Figure 1 is a panoramic overview of literature based on a bibliography search in Science Direct based on a period of ten years using “polymer agriculture”, “polymer agriculture and controlled-release”, “polymer agriculture and superabsorbent” and “polymer agriculture and biosorbent.” There is a clear increase in the quantity of studies that investigate general polymer applications in agriculture, however, the more specific and novel themes of controlled-release, superabsorbent and biosorbent are evidently publication deficient. Hence, this overview demonstrates the importance and optimism for the study on polymers and their application in agriculture.

Figure 1 Literature review of polymer applications in agriculture, including controlled-release, superabsorbent and biosorbent practices. 

2. Controlled Delivery of Agrochemicals by Polymeric Matrices

An important point in agriculture is to supply nutritional needs of plants, which ranges from macronutrients such as N, P, K, Ca, Mg and S to micronutrients such as B, Cl, Co, Cu, Fe, Mn, Mo, Ni and Zn[9]. However, these nutrients are often not available in the environment at sufficient levels for good plant growth. Thus, the use of agrochemicals is essential in agriculture, as fertilizers, herbicides and pesticides. On the other hand, as knowledge of the lifecycle of agrochemicals has increased, concern over how some undesirable environmental impacts, including bioaccumulation processes in the food chain and potential contamination of neighboring ecosystems have also grown more relevant[4].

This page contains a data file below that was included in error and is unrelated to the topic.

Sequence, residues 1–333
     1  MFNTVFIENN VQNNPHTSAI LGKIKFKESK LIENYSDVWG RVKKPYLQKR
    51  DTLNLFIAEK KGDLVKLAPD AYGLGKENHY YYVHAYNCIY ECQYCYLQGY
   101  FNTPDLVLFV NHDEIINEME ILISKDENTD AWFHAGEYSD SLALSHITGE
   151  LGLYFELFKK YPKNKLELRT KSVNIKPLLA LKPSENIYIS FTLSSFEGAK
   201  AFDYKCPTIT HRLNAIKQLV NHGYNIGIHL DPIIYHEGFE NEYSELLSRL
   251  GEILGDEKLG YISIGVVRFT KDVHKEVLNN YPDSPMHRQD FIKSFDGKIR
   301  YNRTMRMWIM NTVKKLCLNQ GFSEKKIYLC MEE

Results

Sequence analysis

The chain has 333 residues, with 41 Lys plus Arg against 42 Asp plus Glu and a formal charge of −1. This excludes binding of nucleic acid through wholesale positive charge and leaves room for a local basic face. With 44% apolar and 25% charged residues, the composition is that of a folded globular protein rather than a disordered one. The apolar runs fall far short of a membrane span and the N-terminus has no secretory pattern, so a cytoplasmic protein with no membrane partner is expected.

The development and use of agrochemicals combined with polymeric materials has been an alternative to this problem in order to deliver agrochemicals into the soil to directly fulfill the nutritional needs of plants without causing contamination[4]. The combination of agrochemicals and polymers can be classified as physical or chemical processes. For example, control over the rate of release is physical while how chemical is stabilized within the polymer matrix is a chemical mechanism. The biological and chemical properties of the agent and its physiochemical interactions help to direct selection of the best system to release the active agent[4]. In addition, the release profile is classified into two classes, slow- and controlled-release systems. Slow-release fertilizer (SRF) relates to the mechanism itself that delays the release, compared to controlled-release which depends on the type of mechanism to liberate the nutrient into the environment[10,11]. Controlled-release fertilizer (CRF) has known factors that influence the rate and pattern of release, hence they can be controlled[10,12,13]. The pattern of release in water of slow- and controlled-release materials have been reported[12,14-16].

The concept controlled nutrient release is not a recent innovation. In 1962, Oertli and Lunt[17] published their study about controlled-release of fertilizer minerals by membrane encapsulating[18], and in 1971 Allan et al.[19] reported on controlled-release of pesticides. Their seminal work has had a dramatic influence on the field and development of the technology continues to grow as shown in Figure 1.